As we approach the end of the liturgical calendar, we are reminded that the unfolding of time is not in our hands, but is in God’s. We know how the story ends—Jesus has conquered sin, death, and the power of Satan through his death and resurrection. We know that we have a secure and eternally life-giving future, when we stay connected to Jesus and proclaim that he is the Risen Lord. Despite what may be happening around us—the chaos, divisiveness, degradation of human beings—Jesus has promised us a blessing: namely, “Peace be with you” as he breathes upon us. God promises us peace—not merely the absence of war or conflict, but the life that is shared within the mystery of the triune God. That kind of communion and fellowship gives us everything we need to be happy and joyful, regardless of what our external circumstances may be.

When we gaze upon human history through the prism of Sacred Scripture, we see that human sinfulness can get in the way of God’s plans. So, the people waited anxiously for the time of fulfillment, which became known as the endtime. The Greeks have a word for this unique time: namely, kairos or God’s time. It stands by itself; it’s totally unique that is so different from the ongoing, ordinary time or chronos (chronological time). Amazing, transformative events occur in kairos. There, God’s promises are fulfilled.

As Christians, we believe that our Lord Jesus has inaugurated this time of fulfillment through the Mystery of Faith, the Paschal Mystery. At the same time, we have one foot planted in the world of ordinary time, in chronos. By virtue of our Baptism, we’re called to be missionary disciples as we live the extraordinary Way of Jesus in this ordinary time. As we do so, we enter into the time of fulfillment.

Today’s Gospel reading employs the metaphor of marriage to convey this awesome time of fulfillment. The virgins are part of a wedding party that is bursting at the seams. The point of the parable is to be always prepared “for you know neither the day or the hour” (Mt 25:13). All of the virgins were ready for the immediate arrival of the bridegroom, but only half of them came prepared for the long wait.

Brothers and sisters, we know that life is very precarious. We do not know when our time will come. But, like the wise virgins, we must always be prepared, having enough oil to get us through the night. We cannot presume that we’ll be able to purchase the oil when we need it. We cannot live as if the end is going to happen tomorrow—though it might. Yet, we must live as if the end is imminent. The question is, how are we to do this?

The mysterious figure of Woman Wisdom in the first reading offers us a guide for such thoughtful and intentional living.   Echoing New Testament themes, we’re called to watch through the night, to be vigilant. We’re told that Wisdom will teach us how to live in this very complex and murky time.

This Wisdom is much more than practical knowledge as to how to get through the day with street smarts. She comes from God and is “perfection of prudence.” What does that mean? To seek wisdom is to seek God, in which we live his Way in our ordinary experience. That is, we take our Gospel values and apply them prudently in this concrete situation. While it seems that we are seeking her, we hear that “She makes her own rounds, seeking” us. That’s right, Wisdom seeks us. Our job is to be open to her invitation and to live accordingly.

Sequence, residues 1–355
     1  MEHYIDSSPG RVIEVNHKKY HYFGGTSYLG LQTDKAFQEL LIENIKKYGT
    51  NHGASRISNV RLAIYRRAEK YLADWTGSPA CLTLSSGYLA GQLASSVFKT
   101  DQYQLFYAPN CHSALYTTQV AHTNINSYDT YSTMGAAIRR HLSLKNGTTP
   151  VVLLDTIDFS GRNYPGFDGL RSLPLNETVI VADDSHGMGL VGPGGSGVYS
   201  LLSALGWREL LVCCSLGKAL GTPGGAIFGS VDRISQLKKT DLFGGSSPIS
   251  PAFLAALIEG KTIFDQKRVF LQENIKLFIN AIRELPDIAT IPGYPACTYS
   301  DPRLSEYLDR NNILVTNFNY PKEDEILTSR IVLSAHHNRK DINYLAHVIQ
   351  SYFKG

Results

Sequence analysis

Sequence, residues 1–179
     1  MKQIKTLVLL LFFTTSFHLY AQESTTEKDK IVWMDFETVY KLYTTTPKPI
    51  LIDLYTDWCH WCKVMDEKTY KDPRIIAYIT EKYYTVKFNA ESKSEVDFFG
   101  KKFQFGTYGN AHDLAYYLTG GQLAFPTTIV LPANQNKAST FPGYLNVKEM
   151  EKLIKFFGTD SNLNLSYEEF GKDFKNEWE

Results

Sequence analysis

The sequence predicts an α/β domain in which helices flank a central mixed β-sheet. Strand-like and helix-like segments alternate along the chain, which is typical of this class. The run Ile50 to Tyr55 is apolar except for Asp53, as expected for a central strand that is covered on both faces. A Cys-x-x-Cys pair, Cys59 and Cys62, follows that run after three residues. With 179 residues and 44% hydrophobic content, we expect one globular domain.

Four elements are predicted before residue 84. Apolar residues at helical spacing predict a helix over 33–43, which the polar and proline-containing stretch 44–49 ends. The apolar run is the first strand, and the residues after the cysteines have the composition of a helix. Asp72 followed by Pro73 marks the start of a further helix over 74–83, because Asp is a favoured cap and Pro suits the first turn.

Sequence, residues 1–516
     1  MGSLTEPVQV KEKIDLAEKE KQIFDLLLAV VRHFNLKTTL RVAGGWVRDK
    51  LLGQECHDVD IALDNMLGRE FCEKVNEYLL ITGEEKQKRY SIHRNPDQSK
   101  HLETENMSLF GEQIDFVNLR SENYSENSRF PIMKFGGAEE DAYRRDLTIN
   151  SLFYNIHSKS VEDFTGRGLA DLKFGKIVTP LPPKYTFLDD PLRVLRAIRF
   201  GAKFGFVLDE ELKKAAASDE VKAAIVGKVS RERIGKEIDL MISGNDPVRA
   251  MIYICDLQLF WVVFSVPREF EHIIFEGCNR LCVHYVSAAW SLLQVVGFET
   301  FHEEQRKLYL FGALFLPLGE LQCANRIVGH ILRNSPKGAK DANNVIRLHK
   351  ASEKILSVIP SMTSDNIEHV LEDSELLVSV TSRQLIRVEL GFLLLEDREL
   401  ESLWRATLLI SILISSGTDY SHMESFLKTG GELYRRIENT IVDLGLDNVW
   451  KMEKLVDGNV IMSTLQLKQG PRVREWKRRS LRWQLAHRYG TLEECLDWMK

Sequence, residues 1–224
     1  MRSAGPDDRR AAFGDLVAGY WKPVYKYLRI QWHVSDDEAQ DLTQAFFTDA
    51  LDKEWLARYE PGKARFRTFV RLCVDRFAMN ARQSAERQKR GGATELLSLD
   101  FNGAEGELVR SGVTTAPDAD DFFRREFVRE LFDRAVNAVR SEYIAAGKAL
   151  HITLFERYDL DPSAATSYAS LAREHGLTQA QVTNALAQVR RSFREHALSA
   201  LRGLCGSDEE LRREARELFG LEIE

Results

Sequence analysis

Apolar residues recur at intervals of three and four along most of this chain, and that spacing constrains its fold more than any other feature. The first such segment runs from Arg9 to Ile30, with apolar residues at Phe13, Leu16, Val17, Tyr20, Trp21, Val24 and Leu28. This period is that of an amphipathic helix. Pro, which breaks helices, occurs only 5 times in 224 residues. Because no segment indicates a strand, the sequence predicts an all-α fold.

The challenge put before us is very straightforward. We have been invited by God to the celebration of the fulfillment of His promise of peace. It’s right there. Do we want it or are we still clinging to the goods of the world as our source of happiness? This peace is what we will be enjoying in Heaven for eternity. We now live in the in-between time, a time of already-but-not-yet. Through grace, we already live in kairos inaugurated by Jesus, but it has not been completely fulfilled. So, we move through time, we must “stay awake,” be always prepared, for we do not know when it will be fulfilled. We are not alone in our waiting. We have, as our loyal companions, the Communion of Saints on earth, and the Wisdom that comes from God.

So, People of God at SJB, how prepared are you for the unfolding of God’s plan in your life? Where do you look for the Wisdom that comes from God?

 

Practicing and Repenting

31st Sunday in O.T.; November 5, 2017

Mal 1:14b-2:2b,8-10   Ps 131 1Thes 2:7b-9,13   Mt 23:1-12

Deacon Jim McFadden; (New) Folsom Prison

 

         Before we look at today’s Gospel reading in which Jesus denounces the Scribes and the Pharisees—the religious establishment of his time—it’s good to pay attention to what Paul said in his First Letter to the Thessalonians: namely, as we draw near to the Gospel, let us do so “not as the word of men but as what it really is, the word of God” (1 Thes 2:13). When we do so, we can accept with faith the warning Jesus is offering in today’s Gospel, which is directed not only to the religious establishment, but to us as well as we strive to conform the way we live to the Good News.

In today’s passage Jesus gets in the face of the scribes and Pharisees, who were the teachers of the community, because their conduct was flagrantly at odds with the teaching they so rigorously taught others. Jesus put it simply that they “preach, but do not practice” (Mt 23:3); instead, “they bind heavy burdens, hard to bear, and to lay them on men’s shoulders; but they themselves will not move them with their finger” (v. 24).   Good teaching must always be received, but it loses its power to motivate when it is contradicted by inconsistent behavior.

Saint Charles Borromeo, a 16th century reformer, put it succinctly:

Be sure that you first preach by the way you live. If you do not, people will notice that you say one thing, but live otherwise, and your words will bring only cynical laughter and a derisive shake of the head” (From a sermon given during the last synod he attended.)

Why the disconnect? Enjoying positions of authority, sometimes teachers of the faith can assume a paternalistic role with the faithful. I am the “professional religious,” I am here to take care of you, so receive what I am dispensing. Or, it can take the form of authoritarianism: do as I say, not because it is comprehensible, convincing, and compelling, but because I say so. Such paternalism and authoritarianism is usually accompanied by clericalism: that is, clerical privilege in which the ordain enjoyed their status, privilege, and perks associated with their office. In the past, it could take the form of cardinals adorned in long, flowing red robes trimmed in ermin and popes being carried into papal audiences on a portable throne.